Lots of "mays" in there. Certainly nothing slam dunk from the normal day to day usage (and expected rough and tumble) unless you do stuff like attach a machete to the boom - at head height, and insist the crew stand up during a tack .

As a rough comparision, I would say pretty much the same as if you had a passenger in a car (non-commercially).....any potential liability stops when they exit the car. and when she leaves your car it also doesn't mean you are married - unless you are in Vegas .

I am of course not a Lawyer!

What would concern me is that she is claiming to be experianced and has managed to come up with nonsense like that - makes me wonder what other rubbish she thinks is "normal", and is teaching you the same.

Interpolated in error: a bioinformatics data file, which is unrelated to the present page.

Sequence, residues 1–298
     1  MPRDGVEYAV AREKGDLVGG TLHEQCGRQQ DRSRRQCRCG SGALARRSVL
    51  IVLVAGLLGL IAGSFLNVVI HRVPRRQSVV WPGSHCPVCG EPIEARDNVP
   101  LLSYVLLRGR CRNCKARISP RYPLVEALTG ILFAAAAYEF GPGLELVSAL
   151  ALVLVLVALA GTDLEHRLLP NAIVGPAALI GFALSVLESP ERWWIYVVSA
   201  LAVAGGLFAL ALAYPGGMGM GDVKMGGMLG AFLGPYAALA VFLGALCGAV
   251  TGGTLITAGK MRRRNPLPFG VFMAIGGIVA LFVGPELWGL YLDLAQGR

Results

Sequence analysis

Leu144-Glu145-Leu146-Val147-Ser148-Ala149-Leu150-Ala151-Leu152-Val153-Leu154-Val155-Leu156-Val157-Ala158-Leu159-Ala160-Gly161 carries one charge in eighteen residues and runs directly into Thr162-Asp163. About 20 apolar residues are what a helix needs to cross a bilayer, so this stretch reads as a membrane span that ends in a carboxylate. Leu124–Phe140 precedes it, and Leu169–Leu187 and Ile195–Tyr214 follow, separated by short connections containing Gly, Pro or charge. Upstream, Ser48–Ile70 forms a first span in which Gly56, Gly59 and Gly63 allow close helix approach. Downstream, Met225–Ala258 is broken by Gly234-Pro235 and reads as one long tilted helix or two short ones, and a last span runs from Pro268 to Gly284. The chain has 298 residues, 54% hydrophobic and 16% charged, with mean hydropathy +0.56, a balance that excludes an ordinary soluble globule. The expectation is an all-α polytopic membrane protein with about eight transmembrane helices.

Of course she could simply be mental - and will later develop into your own pet Stalker
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Old 18-05-2012, 16:22   #8
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Re: Captain's Liability For Guests Aboard

Quote:
Originally Posted by SS Little-Devil View Post
She wants me to sign her log towards her ASA hours. Do I even have the authority to do that?
You can sign whatever you like, no authority required - Just state the capacity in which you are doing that. I would sign it off as Owner & Skipper, maybe make it clear that you are not licensed - or simply indicate the same by not claiming you are (personally I would presume that a person was not licensed if they did not claim they were).

Whether or not she can use that towards her ASA hours is a matter for her (my bet is that if she is writing a cheque for another course then she can).
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Old 18-05-2012, 16:23   #9
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Re: Captain's Liability For Guests Aboard